It's natural for some parts of a floor to wear out before others -- high-traffic areas are usually the first to go, and other areas may be victims of scraping furniture legs or pet claws, spills or extra-high humidity. Refinishing a floor is a big deal, and if the floor has only one or two worn areas, while the rest of the finish is in good condition, it's more economical to make spot repairs. Done correctly, a spot repair is all but unnoticeable, provided you've correctly matched the finish and -- if necessary -- the stain.
Test the Finish
A number of tests can help you determine if the finish has actually worn through, whether or not the floor is waxed and what type of finish you're dealing with.
Is It Oil?
Rub your finger along the surface of the floor. If it feels rough, it's probably finished with a penetrating oil, which may or may not be coated with wax. If it's smooth, it may still be well-waxed oil, but probably not. It's much more likely to be a film finish, such as shellac or polyurethane.
Is It Worn Through to the Wood?
Soak a rag with water and let a few drops fall on the worn spot you're concerned about. If the water beads up, the finish may be thin, but it's still intact. If the water soaks into the wood, the finish is worn through. You can skip this test if the stain color is worn -- that's a sure sign that the finish has worn through.
Is the Floor Waxed?
Moisten a rag with mineral spirits and rub the finish vigorously, then look at the rag. Significant darkening means that the floor has a wax finish that you must remove before treating the spot.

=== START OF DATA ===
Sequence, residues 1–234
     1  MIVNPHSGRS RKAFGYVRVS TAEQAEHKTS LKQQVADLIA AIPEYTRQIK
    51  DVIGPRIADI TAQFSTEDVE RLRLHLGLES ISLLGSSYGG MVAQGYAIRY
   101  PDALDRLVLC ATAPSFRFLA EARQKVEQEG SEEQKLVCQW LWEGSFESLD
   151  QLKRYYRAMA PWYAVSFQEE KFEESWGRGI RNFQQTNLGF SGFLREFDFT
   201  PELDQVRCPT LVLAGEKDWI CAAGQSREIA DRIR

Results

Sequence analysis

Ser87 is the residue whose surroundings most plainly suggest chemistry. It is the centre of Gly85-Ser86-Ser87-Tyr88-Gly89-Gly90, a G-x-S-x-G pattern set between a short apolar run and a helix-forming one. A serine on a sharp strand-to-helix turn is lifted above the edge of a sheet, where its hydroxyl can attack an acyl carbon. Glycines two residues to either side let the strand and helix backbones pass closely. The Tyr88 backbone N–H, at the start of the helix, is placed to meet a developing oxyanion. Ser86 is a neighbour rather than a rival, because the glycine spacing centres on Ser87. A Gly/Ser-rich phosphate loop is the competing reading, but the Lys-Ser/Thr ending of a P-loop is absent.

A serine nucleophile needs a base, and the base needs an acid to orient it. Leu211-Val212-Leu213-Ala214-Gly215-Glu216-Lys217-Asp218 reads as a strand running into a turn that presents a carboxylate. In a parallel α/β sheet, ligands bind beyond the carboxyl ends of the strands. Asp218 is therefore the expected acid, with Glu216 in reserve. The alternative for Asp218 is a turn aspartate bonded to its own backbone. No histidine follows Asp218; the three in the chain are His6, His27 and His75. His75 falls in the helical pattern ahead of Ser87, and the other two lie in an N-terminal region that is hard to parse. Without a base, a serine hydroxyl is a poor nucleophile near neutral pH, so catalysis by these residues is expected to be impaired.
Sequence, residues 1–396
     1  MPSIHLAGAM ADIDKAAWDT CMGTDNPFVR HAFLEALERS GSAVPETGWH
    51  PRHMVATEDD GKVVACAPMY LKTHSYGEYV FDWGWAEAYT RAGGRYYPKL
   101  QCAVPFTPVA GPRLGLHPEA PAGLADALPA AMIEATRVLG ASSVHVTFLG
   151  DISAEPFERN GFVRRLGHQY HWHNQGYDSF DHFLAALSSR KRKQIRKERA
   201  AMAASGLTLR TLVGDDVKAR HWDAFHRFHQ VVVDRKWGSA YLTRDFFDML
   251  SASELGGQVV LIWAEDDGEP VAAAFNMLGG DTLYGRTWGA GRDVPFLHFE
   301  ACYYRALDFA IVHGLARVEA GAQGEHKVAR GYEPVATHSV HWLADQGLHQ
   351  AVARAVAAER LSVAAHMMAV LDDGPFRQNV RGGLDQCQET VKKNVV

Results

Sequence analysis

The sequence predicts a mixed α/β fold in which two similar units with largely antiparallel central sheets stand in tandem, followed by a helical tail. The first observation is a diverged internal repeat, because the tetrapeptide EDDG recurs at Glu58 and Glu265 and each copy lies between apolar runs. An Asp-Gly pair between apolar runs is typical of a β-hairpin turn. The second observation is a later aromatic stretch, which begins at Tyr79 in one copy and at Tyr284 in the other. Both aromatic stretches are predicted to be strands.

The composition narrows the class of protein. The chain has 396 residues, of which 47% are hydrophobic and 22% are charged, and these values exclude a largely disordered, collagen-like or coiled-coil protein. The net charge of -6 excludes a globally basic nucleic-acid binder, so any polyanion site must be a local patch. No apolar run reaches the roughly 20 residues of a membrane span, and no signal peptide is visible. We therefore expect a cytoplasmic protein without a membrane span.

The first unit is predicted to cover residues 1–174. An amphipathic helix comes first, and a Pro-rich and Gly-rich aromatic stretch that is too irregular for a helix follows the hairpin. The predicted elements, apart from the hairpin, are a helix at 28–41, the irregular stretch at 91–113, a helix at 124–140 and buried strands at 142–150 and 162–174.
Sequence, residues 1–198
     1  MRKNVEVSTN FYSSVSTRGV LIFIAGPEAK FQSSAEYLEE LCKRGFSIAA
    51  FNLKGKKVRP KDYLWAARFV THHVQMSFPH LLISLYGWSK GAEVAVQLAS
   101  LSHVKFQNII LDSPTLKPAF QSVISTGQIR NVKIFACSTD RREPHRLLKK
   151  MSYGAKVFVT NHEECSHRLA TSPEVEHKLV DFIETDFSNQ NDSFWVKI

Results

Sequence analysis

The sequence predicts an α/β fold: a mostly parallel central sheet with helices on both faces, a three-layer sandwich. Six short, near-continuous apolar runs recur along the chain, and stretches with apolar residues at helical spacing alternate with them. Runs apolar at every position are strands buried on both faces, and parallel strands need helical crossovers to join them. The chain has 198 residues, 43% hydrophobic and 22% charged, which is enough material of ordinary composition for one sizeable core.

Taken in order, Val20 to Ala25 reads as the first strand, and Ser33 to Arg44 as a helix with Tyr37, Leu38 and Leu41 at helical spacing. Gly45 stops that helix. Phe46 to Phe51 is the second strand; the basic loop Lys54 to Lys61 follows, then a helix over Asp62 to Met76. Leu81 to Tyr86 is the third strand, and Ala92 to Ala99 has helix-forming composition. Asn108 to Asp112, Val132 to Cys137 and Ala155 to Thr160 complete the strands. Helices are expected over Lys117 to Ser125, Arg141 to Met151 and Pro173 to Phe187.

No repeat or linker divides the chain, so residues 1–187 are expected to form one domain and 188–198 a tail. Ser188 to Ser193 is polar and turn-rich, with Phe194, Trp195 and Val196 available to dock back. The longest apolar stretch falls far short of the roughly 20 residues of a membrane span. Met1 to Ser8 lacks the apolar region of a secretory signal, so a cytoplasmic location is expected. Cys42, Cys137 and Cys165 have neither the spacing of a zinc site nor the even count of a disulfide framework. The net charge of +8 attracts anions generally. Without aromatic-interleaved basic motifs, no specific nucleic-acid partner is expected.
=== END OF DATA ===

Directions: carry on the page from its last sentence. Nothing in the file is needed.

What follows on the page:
Is the Finish Lacquer, Shellac or Varnish?
Evaporative finishes, such as lacquer and shellac, aren't as common as reactive finishes, such as alkyd varnish or polyurethane, but you handle them differently. Put a few drops of lacquer thinner on an inconspicuous part of the floor, then feel the finish -- if it's sticky, it's lacquer or shellac. Repeat the test with denatured alcohol, and if it's still sticky, it's shellac and not lacquer. If toluol or xylene -- both available at paint stores -- soften the finish, it's a water-based lacquer. If no solvent softens the finish -- which is most likely -- it's an alkyd or polyurethane varnish.
If you've determined that the floor is waxed, you may want to consider removing the wax from the entire floor before beginning the repair. Periodic removal is recommended and, well, there's no time like the present. Otherwise, you definitely have to remove the wax from the area you're refurbishing, or the new finish won't adhere.
Remove wax with a rag moistened with odorless mineral spirits. Rub the section of the floor from which you're removing the wax once, then turn the rag around, moisten it and rub again. Continue until the rag shows no discoloration.
Scuff the worn spot with sandpaper. Use 150-grit paper if the finish isn't completely worn through or if the floor is finished with oil. Use 120-grit paper to sand the finish around a spot from which it has completely worn. The coarser paper will cut back the finish more efficiently. Sand with the grain and create a scuffed area significantly larger than the spot you're repairing.
Restore color to the worn area, if necessary, by wiping on stain. If you have some leftover stain from the last floor refinishing job, use that or a closely matching commercial stain. You can also mix your own stain by adding pigments to lacquer thinner. Let the stain dry for several hours.
Apply the appropriate finish to the spot, using a rag or paintbrush and stroking with the grain of the wood. A paintbrush gives more control when using varnish, shellac or lacquer, but use a rag if applying oil. Let the finish dry, then scuff it with 150-grit sandpaper and apply another coat. Repeat if necessary.